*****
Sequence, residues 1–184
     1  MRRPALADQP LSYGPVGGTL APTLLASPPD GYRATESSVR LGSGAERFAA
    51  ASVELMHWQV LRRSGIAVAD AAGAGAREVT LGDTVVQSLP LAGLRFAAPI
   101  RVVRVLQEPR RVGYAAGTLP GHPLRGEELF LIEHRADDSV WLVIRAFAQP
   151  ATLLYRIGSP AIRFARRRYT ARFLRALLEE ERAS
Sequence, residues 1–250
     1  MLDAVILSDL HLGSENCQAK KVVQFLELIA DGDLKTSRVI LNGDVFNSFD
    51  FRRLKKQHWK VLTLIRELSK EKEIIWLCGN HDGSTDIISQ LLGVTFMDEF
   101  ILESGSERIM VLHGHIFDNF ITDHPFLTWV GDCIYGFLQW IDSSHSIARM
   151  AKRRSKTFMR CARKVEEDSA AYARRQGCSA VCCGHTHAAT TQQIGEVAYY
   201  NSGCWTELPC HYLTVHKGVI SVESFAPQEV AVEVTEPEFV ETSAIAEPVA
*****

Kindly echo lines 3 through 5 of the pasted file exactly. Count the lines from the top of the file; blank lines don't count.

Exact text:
    51  ASVELMHWQV LRRSGIAVAD AAGAGAREVT LGDTVVQSLP LAGLRFAAPI
   101  RVVRVLQEPR RVGYAAGTLP GHPLRGEELF LIEHRADDSV WLVIRAFAQP
   151  ATLLYRIGSP AIRFARRRYT ARFLRALLEE ERAS